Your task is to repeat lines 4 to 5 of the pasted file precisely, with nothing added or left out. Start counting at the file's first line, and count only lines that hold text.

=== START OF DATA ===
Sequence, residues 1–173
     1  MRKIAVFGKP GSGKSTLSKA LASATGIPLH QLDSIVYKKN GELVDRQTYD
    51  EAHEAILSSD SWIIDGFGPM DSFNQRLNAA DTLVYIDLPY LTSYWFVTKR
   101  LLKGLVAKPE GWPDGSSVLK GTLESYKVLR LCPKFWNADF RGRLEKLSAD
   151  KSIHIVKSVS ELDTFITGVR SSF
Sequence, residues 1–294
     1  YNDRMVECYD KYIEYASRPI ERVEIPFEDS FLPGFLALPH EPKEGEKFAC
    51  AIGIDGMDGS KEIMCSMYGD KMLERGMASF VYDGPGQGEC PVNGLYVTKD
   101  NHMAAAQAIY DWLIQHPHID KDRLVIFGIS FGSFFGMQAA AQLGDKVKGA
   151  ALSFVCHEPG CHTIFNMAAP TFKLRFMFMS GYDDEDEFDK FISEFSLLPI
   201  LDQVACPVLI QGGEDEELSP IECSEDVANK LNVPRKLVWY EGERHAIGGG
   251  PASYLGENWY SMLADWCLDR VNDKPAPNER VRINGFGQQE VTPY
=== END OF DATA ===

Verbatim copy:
   101  LLKGLVAKPE GWPDGSSVLK GTLESYKVLR LCPKFWNADF RGRLEKLSAD
   151  KSIHIVKSVS ELDTFITGVR SSF